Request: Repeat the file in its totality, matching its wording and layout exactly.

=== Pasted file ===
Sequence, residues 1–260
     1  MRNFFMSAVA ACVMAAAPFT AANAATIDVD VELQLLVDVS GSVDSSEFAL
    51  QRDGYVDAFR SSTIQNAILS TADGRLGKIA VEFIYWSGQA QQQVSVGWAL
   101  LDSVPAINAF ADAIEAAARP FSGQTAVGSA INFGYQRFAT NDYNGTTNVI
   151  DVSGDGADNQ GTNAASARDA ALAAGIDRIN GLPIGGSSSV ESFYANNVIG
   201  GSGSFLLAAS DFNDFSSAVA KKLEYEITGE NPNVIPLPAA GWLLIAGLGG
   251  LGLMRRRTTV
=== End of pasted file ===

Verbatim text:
Sequence, residues 1–260
     1  MRNFFMSAVA ACVMAAAPFT AANAATIDVD VELQLLVDVS GSVDSSEFAL
    51  QRDGYVDAFR SSTIQNAILS TADGRLGKIA VEFIYWSGQA QQQVSVGWAL
   101  LDSVPAINAF ADAIEAAARP FSGQTAVGSA INFGYQRFAT NDYNGTTNVI
   151  DVSGDGADNQ GTNAASARDA ALAAGIDRIN GLPIGGSSSV ESFYANNVIG
   201  GSGSFLLAAS DFNDFSSAVA KKLEYEITGE NPNVIPLPAA GWLLIAGLGG
   251  LGLMRRRTTV